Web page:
Abengoa's pilot cellulosic ethanol plant is up and running!

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Thread: Abengoa's pilot cellulosic ethanol plant is up and running!

  1. #1

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    Abengoa's pilot cellulosic ethanol plant is up and running!

    I have been keeping track of cellulosic ethanol plants in the U.S. The third one in the list is the Abengoa plant in Kansas. Abengoa is based in York, Nebraska. In preparing to open the Kansas facility, it started up a 1/100th scale pilot plant in York. Last Friday, that facility began operations:

    Turning a cellulosic corner

    YORK The emergence of cellulosic ethanol has been a long time coming a real long time.
    "I've been doing this for 30 years," said Todd Sneller, administrator of the Nebraska Ethanol Board. "And this has always been five years away."

    But with Friday's opening of Abengoa Bioenergy's test plant for cellulosic ethanol the first such plant in Nebraska the state took a large step toward the development of a fuel source that has been hailed as the future of the ethanol industry.

    The test plant, on the site of Abengoa's 55-million-gallon-per-year starch ethanol plant northeast of York, produced its first 75-gallon batch of ethanol from wheat straw last month.

    It will be used as a 1/100th-scale pilot plant for the company's first planned commercial cellulosic ethanol plant in Hugoton, Kan.
    ...
    Abengoa, for its part, received a $17 million grant from the federal Department of Energy in 2003 to pay for half of the test plant's construction and first three years of operation, said Tom Robb, a project manager for Abengoa.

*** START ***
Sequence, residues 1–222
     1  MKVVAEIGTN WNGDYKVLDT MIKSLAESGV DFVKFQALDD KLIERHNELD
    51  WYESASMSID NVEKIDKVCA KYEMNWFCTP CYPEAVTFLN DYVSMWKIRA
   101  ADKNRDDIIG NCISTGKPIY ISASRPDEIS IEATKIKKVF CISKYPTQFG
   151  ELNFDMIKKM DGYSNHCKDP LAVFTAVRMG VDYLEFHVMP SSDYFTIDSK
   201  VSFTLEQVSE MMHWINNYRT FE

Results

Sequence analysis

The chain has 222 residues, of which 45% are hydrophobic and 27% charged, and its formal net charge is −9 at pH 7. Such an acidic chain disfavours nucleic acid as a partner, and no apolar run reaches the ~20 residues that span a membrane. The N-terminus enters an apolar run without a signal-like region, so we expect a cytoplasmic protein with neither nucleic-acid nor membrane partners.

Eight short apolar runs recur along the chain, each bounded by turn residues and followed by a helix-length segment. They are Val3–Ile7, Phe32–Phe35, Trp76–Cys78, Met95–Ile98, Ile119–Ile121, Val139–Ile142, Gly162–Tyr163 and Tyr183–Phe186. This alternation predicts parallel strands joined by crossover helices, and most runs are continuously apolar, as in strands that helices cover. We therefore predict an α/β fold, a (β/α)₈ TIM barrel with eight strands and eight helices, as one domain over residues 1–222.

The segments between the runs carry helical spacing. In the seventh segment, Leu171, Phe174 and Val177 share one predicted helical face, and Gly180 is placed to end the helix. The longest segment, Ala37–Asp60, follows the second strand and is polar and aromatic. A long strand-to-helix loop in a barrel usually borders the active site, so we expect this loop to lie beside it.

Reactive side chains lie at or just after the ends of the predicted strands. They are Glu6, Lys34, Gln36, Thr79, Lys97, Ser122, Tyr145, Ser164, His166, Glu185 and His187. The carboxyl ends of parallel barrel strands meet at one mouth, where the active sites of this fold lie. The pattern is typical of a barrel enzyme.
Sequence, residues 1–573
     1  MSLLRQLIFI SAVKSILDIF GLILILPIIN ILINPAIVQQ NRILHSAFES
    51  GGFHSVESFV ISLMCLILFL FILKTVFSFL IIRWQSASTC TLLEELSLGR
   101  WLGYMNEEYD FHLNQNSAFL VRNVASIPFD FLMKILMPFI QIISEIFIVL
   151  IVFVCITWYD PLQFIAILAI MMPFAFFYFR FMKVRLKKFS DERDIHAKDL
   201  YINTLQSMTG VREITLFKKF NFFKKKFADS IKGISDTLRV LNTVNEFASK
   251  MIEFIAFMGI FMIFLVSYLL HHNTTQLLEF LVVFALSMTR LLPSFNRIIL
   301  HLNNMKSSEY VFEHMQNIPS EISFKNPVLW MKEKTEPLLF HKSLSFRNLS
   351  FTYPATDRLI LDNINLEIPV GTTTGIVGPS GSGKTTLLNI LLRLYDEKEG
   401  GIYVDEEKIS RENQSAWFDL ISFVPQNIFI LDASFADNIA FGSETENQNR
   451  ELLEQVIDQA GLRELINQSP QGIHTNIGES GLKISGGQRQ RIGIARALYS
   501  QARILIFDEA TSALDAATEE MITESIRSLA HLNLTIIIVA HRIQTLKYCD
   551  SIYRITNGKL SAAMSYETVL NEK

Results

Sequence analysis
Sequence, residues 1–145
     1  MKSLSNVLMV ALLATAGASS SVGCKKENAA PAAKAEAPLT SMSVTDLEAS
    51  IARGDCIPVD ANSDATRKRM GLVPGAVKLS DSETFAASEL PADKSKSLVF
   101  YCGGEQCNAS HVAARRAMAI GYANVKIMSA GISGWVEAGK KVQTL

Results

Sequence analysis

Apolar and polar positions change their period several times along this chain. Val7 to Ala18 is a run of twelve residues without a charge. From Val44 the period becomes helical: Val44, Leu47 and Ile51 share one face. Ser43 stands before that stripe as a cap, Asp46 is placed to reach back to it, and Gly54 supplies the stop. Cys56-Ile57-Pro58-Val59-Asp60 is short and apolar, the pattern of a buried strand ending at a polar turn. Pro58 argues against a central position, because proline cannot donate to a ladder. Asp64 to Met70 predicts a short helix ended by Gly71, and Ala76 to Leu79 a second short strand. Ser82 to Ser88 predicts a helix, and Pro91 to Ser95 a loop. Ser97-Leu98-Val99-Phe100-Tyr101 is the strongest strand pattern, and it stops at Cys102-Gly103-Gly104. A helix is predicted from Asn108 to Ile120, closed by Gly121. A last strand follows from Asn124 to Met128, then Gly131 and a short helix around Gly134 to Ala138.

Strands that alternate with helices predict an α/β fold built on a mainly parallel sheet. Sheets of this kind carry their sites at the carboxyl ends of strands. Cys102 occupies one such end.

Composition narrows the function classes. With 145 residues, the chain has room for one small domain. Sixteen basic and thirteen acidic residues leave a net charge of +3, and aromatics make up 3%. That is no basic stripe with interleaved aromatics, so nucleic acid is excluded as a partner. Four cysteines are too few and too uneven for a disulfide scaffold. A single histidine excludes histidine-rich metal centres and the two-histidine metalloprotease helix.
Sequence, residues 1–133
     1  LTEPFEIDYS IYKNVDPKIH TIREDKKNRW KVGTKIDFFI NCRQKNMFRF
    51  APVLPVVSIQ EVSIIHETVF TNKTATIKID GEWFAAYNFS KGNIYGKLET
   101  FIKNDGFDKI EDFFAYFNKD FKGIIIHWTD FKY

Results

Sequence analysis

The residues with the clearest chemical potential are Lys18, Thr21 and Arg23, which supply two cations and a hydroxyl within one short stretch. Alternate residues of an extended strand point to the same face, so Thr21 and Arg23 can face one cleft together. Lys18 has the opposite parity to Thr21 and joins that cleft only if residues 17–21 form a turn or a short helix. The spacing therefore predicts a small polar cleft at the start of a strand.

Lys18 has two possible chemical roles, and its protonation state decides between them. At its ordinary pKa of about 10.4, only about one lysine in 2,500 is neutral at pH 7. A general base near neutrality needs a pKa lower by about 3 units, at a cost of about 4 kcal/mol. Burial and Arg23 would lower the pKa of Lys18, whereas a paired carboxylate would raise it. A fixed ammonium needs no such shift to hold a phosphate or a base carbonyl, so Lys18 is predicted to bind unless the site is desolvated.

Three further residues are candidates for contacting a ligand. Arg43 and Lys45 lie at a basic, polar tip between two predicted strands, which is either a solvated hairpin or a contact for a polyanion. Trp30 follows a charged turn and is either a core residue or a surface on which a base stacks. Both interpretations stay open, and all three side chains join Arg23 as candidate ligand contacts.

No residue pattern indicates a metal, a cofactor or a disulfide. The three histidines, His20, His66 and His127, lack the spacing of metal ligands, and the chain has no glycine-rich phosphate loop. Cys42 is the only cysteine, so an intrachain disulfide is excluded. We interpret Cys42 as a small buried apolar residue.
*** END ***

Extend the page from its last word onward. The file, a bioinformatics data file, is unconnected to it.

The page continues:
It also received a $76.8 million federal grant toward the Kansas plant, which is scheduled to open in late 2010, Robb said.

    Several local and state officials thanked Abengoa for choosing to put its plant in York and pointed to the rural economic development the ethanol industry has sparked.

    "With cellulosic ethanol, we have another opportunity to take another giant step in relation to ethanol," said Gov. Dave Heineman. "To think that we could be out there on the cutting edge of technology, I think, is very, very important for our state."
    (No foreign flag on top of Old Glory here!)
    Last edited by HoosierRon; 10-14-2007 at 03:04 PM.

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  3. #2

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    Re: Abengoa's pilot cellulosic ethanol plant is up and running!

    Just bumping...

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    Re: Abengoa's pilot cellulosic ethanol plant is up and running!

    On a related note...

    Genencor Launches First Commercial Enzyme Product for Cellulosic Ethanol

    Genencor, a division of Danisco A/S, introduced Accellerase 1000, the first commercially available biomass enzyme developed specifically for second generation biorefineries. Accellerase 1000 contains a complex of enzymes that reduces complex lignocellulosic biomass into fermentable sugars.

    Genencor has been developing its biomass enzymes for more than 10 years. The effort was partially supported by contracts with the US Department of Energy’s (DOE) National Renewable Energy Laboratory (NREL).

    Accellerase 1000 is the first in what the company expects to be a family of products tailored to different biomass feedstocks and system conditions. The key features that are expected to be important at commercial scale are already built into this first product.

    Benefits of Accellerase include:

    Enhanced saccharification performance on a variety of feedstocks.

    Ability to operate in simultaneous saccharification and fermentation (SSF) processes, two step sequential hydrolysis and fermentation (SHF) processes or hybrids of the two.

    High ß-glucosidase activity to minimize residual cellobiose, which may lead to a higher saccharification and ultimately to a faster ethanol fermentation. Yields may also be improved.

    Unclarified product. The remaining nutrients from enzyme production are available to the yeast in addition to the fermentable sugars produced by saccharification.

    Minimal formulation to ensure that enzyme formulation chemicals do not interfere with saccharification carbohydrate profile analysis or subsequent yeast fermentation.

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